Offshore in depth
Decision models increase offshore bidding wins, reduce costs
Have you ever wondered about the process that oil companies follow to prepare and submit bids for offshore leasing auctions? Understandably, E&P companies keep details of this activity confidential, treating them as closely-held secrets to prevent competitors from snatching their target blocks. You would expect them to support their multi-million-dollar decisions with the best minds and analytical tools.
But if offshore lease bidding is so scientific, why do companies consistently overpay for blocks? In the March 2014 Bureau of Ocean Energy Management (BOEM) sale for blocks in the Central Gulf of Mexico, winning bidders overpaid nearly $600 million, clearly a windfall for the federal government, but, at least partly, an unnecessary expense that reduced the economic value of leases for the winning bidders.
The March lease sale was not unique. An analysis of the last three Central Gulf of Mexico lease sales from 2012 to 2014 (see table) showed that 12 active bidders overbid an average $8.9 million per block, to win competitive bids, overpaying by an average 111%, compared to the next highest bid. Including blocks receiving only one bid, which are required to exceed BOEM’s minimum bid amount, these companies, combined, overbid $1.7 billion for these three rounds, for an average overbid of $139.5 million for the leases they acquired.
“Of course, companies need to overbid to some extent to win blocks,” said Michael Walls, Ph.D., a geologist and professor in the Division of Economics & Business at the Colorado School of Mines. “But the objective should be to overbid as little as possible in the process. The challenge is to determine a fraction of the estimated value that should be bid to optimally balance risk and reward.”
E&P companies typically choose blocks to bid on, based on an expected net present value (NPV) of the block, which is calculated on such factors as seismic data, offset production, geologic trends, reservoir characteristics, the cost of development, and the proximity of existing infrastructure. Companies also consider the importance of the block to their overall E&P strategies. Significant overbidding can occur when “must-have” blocks are auctioned, but such high payments can reduce the economic value of those blocks.
In addition to performing the NPV calculation for each desired block, Walls recommends that bidders also determine which other companies are likely to bid on the block, and analyze their bidding behaviors. This competitive analysis can help bidders decide on an amount.
Decisions become extremely complicated, when a large number of bidders is expected for a block. Risk is increased, because a bidder may have less information than competitors, may be uncertain about the project’s value, and has difficulty predicting the behavior of multiple bidders.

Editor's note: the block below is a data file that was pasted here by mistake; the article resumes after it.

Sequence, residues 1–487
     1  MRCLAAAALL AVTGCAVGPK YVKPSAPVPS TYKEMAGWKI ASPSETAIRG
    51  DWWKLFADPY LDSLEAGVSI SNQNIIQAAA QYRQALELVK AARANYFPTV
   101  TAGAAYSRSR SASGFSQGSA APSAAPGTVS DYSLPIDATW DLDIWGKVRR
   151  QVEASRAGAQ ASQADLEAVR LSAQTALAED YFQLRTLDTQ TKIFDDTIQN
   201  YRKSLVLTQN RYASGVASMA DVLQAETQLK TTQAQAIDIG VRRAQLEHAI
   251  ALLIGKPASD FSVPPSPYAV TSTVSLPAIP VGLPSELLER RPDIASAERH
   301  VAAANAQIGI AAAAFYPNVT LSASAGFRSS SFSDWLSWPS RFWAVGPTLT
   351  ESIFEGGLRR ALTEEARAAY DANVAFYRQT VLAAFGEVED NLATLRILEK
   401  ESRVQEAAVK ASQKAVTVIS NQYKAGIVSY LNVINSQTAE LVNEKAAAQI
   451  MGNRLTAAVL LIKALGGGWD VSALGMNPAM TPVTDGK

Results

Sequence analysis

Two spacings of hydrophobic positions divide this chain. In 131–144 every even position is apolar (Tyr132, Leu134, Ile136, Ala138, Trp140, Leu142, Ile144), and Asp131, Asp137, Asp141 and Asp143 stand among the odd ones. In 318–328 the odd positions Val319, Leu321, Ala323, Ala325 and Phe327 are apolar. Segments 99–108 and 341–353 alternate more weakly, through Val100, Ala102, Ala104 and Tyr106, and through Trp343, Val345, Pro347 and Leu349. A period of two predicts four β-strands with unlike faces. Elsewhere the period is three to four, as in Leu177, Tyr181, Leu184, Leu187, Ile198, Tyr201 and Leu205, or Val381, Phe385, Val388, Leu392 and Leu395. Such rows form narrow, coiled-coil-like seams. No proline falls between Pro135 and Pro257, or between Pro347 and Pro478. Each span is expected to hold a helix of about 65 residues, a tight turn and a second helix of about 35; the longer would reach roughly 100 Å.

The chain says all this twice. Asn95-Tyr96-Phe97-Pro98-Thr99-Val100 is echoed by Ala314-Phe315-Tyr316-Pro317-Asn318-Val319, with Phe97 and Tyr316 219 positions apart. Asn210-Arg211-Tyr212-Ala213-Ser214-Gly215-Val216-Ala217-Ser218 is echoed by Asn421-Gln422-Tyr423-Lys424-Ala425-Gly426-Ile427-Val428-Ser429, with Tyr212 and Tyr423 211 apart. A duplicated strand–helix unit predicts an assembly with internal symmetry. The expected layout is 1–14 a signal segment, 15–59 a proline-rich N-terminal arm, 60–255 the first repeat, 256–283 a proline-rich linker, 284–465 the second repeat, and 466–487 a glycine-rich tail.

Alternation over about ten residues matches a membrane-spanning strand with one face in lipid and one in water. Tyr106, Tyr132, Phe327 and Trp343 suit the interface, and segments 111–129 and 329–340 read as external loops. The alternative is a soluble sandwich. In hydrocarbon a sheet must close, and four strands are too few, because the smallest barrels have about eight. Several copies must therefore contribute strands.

Recent advances in bid decision models can improve the quality of bidding in the competitive environment, Walls suggests. He and his energy economist collaborators have developed a software model called SmartBid, which combines an econometric analysis of previous bidding behaviors, and their impact on current bidding outcomes, and a decision analysis model that recommends an optimal bid amount.
To estimate the likelihood that a target block will receive multiple bids, which is of keen interest to decision makers, the model uses logistic regression. Among many factors, this analysis takes into account the target block’s water depth, offset production, and competitive bidding behavior on similar blocks in prior lease sales, including consortium bidding activity.
To estimate the expected winning bid amount on a block, the approach uses a multiple regression model, which also uses the block attributes described above, as well as past competitive bidding behaviors on similar blocks. “The goal of the multiple linear regression models,” Walls said, “is to correctly predict the winning bid value, using the most parsimonious regression model.”
The SmartBid model that Walls and his colleagues developed also provides a forward-looking decision analysis approach that estimates the optimal bid amount on a targeted block. The optimal bid amount is a function of the likelihood of winning the block at alternative bidding amounts, and the firm’s estimate of the block’s NPV.
Walls believes that decision support models provide a more systematic, rational approach to bid-setting. In the three Central Gulf of Mexico lease sales discussed earlier, companies using the decision model had a competitive success rate of 53%, compared to 40% for the 12 operators listed in the table. Their average competitive overbid was just $4.1 million, instead of the $8.9 million for companies not using the tool.